The Scottish National Party yesterday abandoned its legal action over the BBC's Scottish political coverage after the corporation agreed to introduce live broadcasts of the party's conference next week.
In talks with SNP officials earlier this week, the BBC confirmed that the conference speech by Alex Salmond, the SNP leader, will be screened live across Britain for the first time. The assurance prompted the party to drop its legal action.
The deal marks the end of a legal battle which began in April when Scottish opposition parties won a court order preventing the BBC screening a Panorama interview with John Major on the eve of local elections north of the border. The court ruling prompted SNP leaders to apply for the judicial review.
Party officials, who have long argued that London-based programme makers ignore Scotland's four-party political system, said the corporation's determination to screen Mr Major's interview in spite of cross-party opposition north of the border proved that it was breaching its duty of impartiality. Mr Sal-mond said the judicial review will "firmly establish the BBC's responsibilities to Scotland".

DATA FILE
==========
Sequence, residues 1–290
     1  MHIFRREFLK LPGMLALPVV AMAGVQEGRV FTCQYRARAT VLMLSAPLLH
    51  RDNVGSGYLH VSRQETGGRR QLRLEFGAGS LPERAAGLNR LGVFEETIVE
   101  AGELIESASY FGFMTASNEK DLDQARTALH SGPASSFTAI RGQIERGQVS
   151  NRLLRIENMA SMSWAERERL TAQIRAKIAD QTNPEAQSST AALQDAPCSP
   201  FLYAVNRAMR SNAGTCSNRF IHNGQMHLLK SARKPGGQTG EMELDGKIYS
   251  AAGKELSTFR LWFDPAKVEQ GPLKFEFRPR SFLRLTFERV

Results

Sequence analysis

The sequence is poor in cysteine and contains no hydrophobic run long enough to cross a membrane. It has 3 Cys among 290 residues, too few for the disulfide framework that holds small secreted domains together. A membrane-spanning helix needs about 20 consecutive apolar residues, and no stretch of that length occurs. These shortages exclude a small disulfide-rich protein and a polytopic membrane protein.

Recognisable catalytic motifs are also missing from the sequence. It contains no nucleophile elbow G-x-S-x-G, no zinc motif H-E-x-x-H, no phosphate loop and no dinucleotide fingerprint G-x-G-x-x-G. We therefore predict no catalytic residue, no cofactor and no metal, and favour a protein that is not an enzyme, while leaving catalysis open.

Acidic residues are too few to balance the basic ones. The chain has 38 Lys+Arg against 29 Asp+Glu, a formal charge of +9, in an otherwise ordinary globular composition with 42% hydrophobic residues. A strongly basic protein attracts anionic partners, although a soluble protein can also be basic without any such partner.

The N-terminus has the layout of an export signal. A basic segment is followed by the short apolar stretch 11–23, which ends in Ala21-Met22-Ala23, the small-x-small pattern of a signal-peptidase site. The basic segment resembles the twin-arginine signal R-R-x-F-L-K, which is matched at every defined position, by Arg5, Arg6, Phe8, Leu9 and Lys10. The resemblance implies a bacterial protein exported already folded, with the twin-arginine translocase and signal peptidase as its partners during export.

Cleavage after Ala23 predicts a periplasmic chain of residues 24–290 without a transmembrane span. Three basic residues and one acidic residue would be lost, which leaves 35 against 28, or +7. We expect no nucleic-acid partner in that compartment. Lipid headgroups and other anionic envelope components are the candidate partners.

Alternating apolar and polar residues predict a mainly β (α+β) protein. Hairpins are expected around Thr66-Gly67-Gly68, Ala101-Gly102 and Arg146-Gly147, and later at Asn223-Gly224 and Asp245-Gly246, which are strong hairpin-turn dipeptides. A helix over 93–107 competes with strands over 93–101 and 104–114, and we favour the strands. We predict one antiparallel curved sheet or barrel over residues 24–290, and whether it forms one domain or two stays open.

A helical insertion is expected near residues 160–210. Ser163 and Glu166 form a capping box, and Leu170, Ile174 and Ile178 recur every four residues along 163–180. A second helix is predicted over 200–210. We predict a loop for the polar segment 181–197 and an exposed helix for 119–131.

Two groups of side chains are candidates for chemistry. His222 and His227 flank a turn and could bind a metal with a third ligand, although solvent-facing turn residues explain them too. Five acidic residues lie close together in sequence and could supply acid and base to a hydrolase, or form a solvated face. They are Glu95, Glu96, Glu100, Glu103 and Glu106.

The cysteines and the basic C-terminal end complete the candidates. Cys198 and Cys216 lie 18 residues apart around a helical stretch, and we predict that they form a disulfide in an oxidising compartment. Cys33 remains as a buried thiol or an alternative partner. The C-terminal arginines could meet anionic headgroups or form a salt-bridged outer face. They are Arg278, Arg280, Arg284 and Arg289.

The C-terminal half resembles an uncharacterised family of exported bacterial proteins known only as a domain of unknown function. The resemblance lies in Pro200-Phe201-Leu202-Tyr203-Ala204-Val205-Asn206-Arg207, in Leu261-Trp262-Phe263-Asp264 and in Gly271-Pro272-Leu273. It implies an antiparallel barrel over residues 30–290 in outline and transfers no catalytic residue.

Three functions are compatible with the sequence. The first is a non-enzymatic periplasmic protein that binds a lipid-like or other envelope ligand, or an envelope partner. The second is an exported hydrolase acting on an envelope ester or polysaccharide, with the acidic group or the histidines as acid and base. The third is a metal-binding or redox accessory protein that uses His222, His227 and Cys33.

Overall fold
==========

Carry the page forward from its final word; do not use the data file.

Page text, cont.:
In an effort to avoid a second court battle, the BBC chairman, Marmaduke Hussey, met Mr Salmond and the SNP's broadcasting spokeswoman, Roseanna Cunningham, last July over coverage of Scottish affairs.
The talks were followed bymeetings this week between Mike Russell, the SNP's chief executive, and senior news and current affairs editors in London. After the editors pledged to review Scottish political coverage and broadcast Mr Salmond's speech live, Mr Russell said he would drop the legal action.
He said yesterday: "We will be watching developments very carefully, but we are pleased at the progress we have made."